AB - While it is obvious that the level of democracy will affect the quality of governance, we show that an electoral democracy should not be expected to have an improved level of governance when compared with an outright authoritarian regime. We use the term ‘electoral democracy’ to refer to where relatively free and fair elections are held (where opposition parties stand some chance of winning government) but the institutions of a liberal society (like freedom of the press) are not in place. Given this, we consider what level of democracy is necessary before we can expect it to have a positive effect upon governance. We employ a Principal Component Analysis (PCA) to construct a new governance indicator. Using the data from over one hundred countries and advanced panel data analysis for the period 1996–2012, our results confirm that political freedom and civil rights influence the level of governance, but this effect is found to be nonlinear. Governance is typically higher in dictatorships than in countries that are partially democratised (electoral democracies). However, once past a threshold, democratic practices assist good governance. Furthermore, it is found that democracy substantially strengthens levels of governance only within the top-half of the conditional distribution.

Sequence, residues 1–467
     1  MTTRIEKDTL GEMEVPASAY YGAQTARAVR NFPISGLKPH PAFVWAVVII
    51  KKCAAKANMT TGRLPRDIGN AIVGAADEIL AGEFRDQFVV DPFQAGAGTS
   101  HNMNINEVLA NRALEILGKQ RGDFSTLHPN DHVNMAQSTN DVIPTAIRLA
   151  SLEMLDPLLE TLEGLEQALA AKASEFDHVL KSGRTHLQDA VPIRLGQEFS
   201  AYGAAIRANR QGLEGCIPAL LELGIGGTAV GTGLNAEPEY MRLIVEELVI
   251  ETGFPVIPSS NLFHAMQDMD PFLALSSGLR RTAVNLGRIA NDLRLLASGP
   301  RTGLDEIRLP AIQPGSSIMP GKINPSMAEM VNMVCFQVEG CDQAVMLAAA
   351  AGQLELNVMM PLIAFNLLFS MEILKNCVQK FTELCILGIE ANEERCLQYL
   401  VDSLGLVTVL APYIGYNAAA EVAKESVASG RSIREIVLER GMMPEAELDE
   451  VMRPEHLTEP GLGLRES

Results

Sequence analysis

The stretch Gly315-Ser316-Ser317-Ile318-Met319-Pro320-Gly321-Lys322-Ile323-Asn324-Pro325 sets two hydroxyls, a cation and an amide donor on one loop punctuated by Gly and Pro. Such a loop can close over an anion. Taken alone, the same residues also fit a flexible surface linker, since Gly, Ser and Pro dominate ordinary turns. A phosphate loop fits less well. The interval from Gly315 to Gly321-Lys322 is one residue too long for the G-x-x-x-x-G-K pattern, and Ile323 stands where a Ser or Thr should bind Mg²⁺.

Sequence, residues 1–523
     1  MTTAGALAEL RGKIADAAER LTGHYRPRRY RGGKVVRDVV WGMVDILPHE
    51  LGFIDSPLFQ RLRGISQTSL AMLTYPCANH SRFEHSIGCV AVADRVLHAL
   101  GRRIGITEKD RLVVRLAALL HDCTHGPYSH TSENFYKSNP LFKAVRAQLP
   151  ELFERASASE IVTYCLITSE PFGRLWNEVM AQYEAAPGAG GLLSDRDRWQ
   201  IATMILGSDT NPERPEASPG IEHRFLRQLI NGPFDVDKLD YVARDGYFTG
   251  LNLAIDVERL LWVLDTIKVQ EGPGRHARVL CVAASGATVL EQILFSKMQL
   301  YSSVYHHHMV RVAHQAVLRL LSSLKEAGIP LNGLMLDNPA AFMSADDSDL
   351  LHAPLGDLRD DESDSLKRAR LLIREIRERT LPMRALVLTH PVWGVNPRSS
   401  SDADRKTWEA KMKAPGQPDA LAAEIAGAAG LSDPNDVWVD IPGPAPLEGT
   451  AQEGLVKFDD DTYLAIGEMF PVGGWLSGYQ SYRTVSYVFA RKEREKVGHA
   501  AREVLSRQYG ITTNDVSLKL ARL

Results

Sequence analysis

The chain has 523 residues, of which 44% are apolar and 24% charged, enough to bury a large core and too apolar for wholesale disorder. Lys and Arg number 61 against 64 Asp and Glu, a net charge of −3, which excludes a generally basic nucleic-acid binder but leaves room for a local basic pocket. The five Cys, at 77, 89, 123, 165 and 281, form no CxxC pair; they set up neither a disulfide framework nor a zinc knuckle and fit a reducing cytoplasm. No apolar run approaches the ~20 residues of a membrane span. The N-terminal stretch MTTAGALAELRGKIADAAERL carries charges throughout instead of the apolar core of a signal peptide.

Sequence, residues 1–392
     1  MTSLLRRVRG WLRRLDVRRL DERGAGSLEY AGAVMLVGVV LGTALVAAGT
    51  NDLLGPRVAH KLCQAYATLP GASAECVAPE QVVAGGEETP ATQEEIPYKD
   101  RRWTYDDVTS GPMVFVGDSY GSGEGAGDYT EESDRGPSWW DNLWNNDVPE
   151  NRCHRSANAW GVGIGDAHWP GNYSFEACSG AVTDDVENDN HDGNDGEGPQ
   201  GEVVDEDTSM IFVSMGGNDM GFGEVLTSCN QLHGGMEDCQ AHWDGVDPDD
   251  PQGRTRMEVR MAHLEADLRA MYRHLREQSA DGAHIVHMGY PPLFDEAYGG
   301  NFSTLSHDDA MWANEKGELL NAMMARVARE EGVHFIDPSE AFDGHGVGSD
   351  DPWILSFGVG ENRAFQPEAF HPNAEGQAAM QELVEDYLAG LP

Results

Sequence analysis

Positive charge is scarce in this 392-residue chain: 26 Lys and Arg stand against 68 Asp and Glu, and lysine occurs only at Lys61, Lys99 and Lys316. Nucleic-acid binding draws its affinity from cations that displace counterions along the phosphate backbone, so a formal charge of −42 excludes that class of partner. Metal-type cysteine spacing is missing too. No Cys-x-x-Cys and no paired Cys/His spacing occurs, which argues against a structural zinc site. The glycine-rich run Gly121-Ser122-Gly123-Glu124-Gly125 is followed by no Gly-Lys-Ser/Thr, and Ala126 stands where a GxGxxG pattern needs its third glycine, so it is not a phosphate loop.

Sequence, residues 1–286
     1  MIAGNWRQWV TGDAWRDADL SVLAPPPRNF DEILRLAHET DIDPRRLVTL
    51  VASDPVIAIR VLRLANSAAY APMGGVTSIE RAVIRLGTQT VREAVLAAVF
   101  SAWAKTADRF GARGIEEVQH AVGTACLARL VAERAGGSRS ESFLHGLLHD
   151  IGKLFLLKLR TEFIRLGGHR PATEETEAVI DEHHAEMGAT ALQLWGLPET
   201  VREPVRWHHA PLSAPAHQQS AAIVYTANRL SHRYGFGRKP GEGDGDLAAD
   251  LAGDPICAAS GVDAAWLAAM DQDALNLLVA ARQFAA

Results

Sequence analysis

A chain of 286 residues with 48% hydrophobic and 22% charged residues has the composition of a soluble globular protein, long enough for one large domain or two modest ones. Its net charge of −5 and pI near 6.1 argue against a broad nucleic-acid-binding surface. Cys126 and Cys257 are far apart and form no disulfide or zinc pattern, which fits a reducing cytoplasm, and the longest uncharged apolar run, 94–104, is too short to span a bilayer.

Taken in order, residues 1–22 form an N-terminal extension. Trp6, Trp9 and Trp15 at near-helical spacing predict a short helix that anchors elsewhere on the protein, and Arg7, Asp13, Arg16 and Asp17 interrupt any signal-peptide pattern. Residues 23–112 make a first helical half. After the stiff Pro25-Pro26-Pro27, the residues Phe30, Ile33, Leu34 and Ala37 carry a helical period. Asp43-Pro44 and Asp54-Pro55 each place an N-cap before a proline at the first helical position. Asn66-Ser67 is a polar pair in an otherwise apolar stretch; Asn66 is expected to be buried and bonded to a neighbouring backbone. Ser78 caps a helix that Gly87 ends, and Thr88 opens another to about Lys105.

UR - http://www.scopus.com/inward/record.url?scp=85068543349&partnerID=8YFLogxK

U2 - 10.1016/j.eap.2019.06.005

DO - 10.1016/j.eap.2019.06.005

M3 - Article

VL - 63

SP - 220

EP - 233

JO - Economic Analysis and Policy

JF - Economic Analysis and Policy

SN - 0313-5926

ER -